It’s all about love. After all, it is Valentine’s Day…the day of love. People seem to have a lot of questions about love.
So, why not let the Buddhist monk Thích Nhất Hạnh help us sort it all out!
Sometimes I hear people talking about falling in love, being in love, falling out of love, looking for a soulmate, finding “the one”. There is a good amount of energy spent wondering about and looking for love. People often look surprised when I tell them I’ve been married for almost 37 years….They whisper, “That’s a long time.”
When we find love, some of us are surprised to find “being in love”, and “loving” someone can be hard work. Maybe challenging. It’s not always like the fairy tale romance of living “happily ever after.”
In Buddhism “mantras” are used somewhat like “prayers” found in other doctrines and religions. Words that help us stay focused on something. We repeat them because we deem them to be important. Perhaps they help us work through tough times or bring us a sense of calm in rough waters. Maybe they provide strength and courage as we let go of situations, things or people.
Thích Nhất Hạnh talks about what he calls the four “Darling” mantras. While “Darling” is not an often used word anymore, it is a sweet word with tender denotation and connotative power. I first heard about these four mantras while listening to a talk by Tara Brach. I settled into listening, smiling over the word “Darling.” Afterwards, I listened to the talk again. And then, again. It isn’t about sexual or romantic love. It is about a deep, unlabeled, perhaps undefinable love. The kind of love where we leave our self unguarded and vulnerable. It’s about the relationship where trust (in ourselves and in the person we love) and unquestionable love are born and thrive.
The “first mantra” is when we truly and deeply care for someone and offer them the greatest gift we can: to be there for them. To be present for them. Not necessarily being present by going out to lunch, or tending to them only in times of crisis or joy, but in those moments of silence when there are no words. In those moments, eye contact or holding hands in silence, speak volumes. When we sit with someone, when we are present for them.
When we look someone in the eye and in perfect concentration and presence say to them, “Darling, I am here for you”. At that moment three things happen. “You become real, the other person becomes real, and life is real in that moment. You bring happiness to yourself and to the other person.” Who on earth does not want to know and feel in the fiber of their being that someone is there for them?
The “second mantra” is holding that moment and saying, “Darling, I know you are there and I am very happy.” This kind of being so completely present is something to be fostered and honored. “Whenever you are really there, you are able to recognize and appreciate the presence of the other – …..the person you love the most.” You tell them in no uncertain terms that in their pain, their imperfections, their doubts, their whatever, you know they are there and you are grateful for just that. To have them in your life. To be sitting there with you, by your side.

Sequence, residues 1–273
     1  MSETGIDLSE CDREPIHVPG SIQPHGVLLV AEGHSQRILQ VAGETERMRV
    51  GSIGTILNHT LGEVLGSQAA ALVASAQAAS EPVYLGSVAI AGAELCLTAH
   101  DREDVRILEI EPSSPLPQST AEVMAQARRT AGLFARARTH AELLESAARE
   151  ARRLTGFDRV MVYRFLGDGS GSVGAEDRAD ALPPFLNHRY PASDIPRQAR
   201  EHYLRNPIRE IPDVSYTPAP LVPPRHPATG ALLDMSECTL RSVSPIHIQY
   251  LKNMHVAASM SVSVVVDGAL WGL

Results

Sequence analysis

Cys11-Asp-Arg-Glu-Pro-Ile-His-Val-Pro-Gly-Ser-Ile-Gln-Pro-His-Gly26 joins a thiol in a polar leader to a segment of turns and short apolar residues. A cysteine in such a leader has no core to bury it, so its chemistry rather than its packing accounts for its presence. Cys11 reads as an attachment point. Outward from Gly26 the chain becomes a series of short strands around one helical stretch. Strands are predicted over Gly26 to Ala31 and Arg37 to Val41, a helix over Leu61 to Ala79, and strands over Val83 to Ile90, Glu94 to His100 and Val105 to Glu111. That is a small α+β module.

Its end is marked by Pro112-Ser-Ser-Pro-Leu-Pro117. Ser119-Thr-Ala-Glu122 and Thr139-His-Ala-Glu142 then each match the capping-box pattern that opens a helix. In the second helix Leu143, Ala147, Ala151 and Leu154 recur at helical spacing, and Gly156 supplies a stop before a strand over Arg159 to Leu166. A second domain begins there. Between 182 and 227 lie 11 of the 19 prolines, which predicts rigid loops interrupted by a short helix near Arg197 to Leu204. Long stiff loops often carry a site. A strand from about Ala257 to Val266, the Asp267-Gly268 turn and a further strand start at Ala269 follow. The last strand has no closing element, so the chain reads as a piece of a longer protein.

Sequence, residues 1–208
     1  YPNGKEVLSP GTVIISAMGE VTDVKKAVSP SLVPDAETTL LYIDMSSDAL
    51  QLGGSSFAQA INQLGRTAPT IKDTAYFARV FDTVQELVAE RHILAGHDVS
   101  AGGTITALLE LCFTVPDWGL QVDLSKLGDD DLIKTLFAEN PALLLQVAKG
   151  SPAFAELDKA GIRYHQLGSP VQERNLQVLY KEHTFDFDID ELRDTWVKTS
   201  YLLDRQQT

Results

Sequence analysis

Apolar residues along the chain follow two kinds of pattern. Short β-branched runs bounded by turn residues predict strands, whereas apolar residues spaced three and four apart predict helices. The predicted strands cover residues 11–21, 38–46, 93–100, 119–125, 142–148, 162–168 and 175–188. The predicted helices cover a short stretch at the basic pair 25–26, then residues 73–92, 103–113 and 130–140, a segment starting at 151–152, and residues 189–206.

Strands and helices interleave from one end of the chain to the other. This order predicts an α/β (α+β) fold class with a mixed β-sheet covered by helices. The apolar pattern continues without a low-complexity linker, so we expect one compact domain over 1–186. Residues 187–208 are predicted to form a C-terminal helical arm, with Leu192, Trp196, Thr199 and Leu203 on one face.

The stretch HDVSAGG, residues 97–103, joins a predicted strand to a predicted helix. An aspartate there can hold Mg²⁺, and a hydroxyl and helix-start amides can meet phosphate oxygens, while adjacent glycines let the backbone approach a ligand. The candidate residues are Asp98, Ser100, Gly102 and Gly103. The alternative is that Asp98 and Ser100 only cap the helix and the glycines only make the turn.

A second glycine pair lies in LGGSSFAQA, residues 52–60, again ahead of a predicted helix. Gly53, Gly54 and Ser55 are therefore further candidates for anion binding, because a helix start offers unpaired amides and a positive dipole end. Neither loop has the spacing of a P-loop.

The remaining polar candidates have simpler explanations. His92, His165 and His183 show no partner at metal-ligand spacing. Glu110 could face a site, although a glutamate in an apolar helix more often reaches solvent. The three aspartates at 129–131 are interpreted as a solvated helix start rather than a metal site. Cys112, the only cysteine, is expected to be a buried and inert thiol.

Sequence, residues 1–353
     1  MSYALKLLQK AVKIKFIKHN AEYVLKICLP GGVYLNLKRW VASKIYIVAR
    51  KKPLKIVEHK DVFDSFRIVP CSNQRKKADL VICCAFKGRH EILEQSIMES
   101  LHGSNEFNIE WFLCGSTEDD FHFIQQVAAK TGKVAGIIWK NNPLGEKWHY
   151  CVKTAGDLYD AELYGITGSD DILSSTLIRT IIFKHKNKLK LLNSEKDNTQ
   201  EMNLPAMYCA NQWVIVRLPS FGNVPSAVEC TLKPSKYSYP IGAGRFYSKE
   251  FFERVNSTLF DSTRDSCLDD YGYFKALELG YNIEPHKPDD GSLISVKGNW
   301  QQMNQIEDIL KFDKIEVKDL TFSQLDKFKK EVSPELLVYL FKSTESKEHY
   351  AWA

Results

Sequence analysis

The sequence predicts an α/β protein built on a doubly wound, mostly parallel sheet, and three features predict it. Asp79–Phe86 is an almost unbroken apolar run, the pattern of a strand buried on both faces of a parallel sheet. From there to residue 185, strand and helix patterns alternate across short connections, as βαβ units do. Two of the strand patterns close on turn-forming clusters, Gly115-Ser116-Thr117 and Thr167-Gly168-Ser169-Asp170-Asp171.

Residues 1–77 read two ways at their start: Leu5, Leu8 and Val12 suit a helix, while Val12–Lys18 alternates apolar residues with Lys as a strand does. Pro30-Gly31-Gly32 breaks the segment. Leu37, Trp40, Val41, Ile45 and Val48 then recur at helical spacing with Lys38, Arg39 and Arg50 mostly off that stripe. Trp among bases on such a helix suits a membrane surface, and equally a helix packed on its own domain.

With the third mantra we verbalize their suffering and pain, “Darling, I know you suffer. That is why I am here for you.” It is not about you or your discomfort. It is about witnessing another person’s pain and suffering and simply telling them you are there for them. That is why you are there with them, to sit with them in their pain and hurt.
The last of the ” Darling” mantras is when it is necessary to approach the person you love and who has hurt you, and say to them, “Darling, I suffer. Please help.” With an open heart, letting pride, fear or hurt fall away, we ask for what we need because we know there is no other way. We have to be open and honest. We have to ask for what we need. We now need the person we love to understand that we need them, their full presence, love and care. In love, when the other person hears your words, they may come “back to themselves“and be able to practice looking deeply at you, the person they love. And the mantras begin again with your “love” offering to you “I am here for you, I know you are there and I know you are suffering.”
What exists if we do not start by saying “Darling” to those we love and those who love us?
I have found this to be a fragile, sometimes challenging path. I have stumbled, tripped, fallen flat. I have not always been able to hold to these four mantras, but in full awareness of my own imperfections I keep trying. I am learning. My darling is learning. Together we are nurturing, growing love. And we are over 37 years into a relationship. Love is not always easily defined. Sometimes it is not easily given or expressed. And, although it may seem odd, sometimes love is not easily received. It is not only about feeling good, or happy. It is about something not definable. It is about growth, change, learning, trust. It is about being hurt and sad, confused and lost. It is about sharing happiness and joy. It is about crying and wiping each other’s tears. It is about holding the other through all of life. There is so much focus on “protecting” ourselves….and I understand that. I maintain, that these four mantras can eliminate the need to protect ourselves. These four mantras give us permission to take a different route. To allow our heart to be unguarded. For many this is too much of a risk. I do not mean that we allow ourselves to be abused or walked all over. I mean we work towards a relationship with someone where each one looks at the other in happy times and in painful times, in anger and in joy, in fear and in excitement,and says, “Hello darling.” And both know without doubt that the response will be, “Hello my darling.”